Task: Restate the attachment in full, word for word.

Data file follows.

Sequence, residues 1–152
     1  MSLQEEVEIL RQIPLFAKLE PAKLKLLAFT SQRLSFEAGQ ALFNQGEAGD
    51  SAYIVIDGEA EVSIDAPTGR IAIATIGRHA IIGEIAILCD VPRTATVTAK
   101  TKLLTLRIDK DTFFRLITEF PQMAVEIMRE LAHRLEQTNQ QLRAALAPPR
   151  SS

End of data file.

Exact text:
Sequence, residues 1–152
     1  MSLQEEVEIL RQIPLFAKLE PAKLKLLAFT SQRLSFEAGQ ALFNQGEAGD
    51  SAYIVIDGEA EVSIDAPTGR IAIATIGRHA IIGEIAILCD VPRTATVTAK
   101  TKLLTLRIDK DTFFRLITEF PQMAVEIMRE LAHRLEQTNQ QLRAALAPPR
   151  SS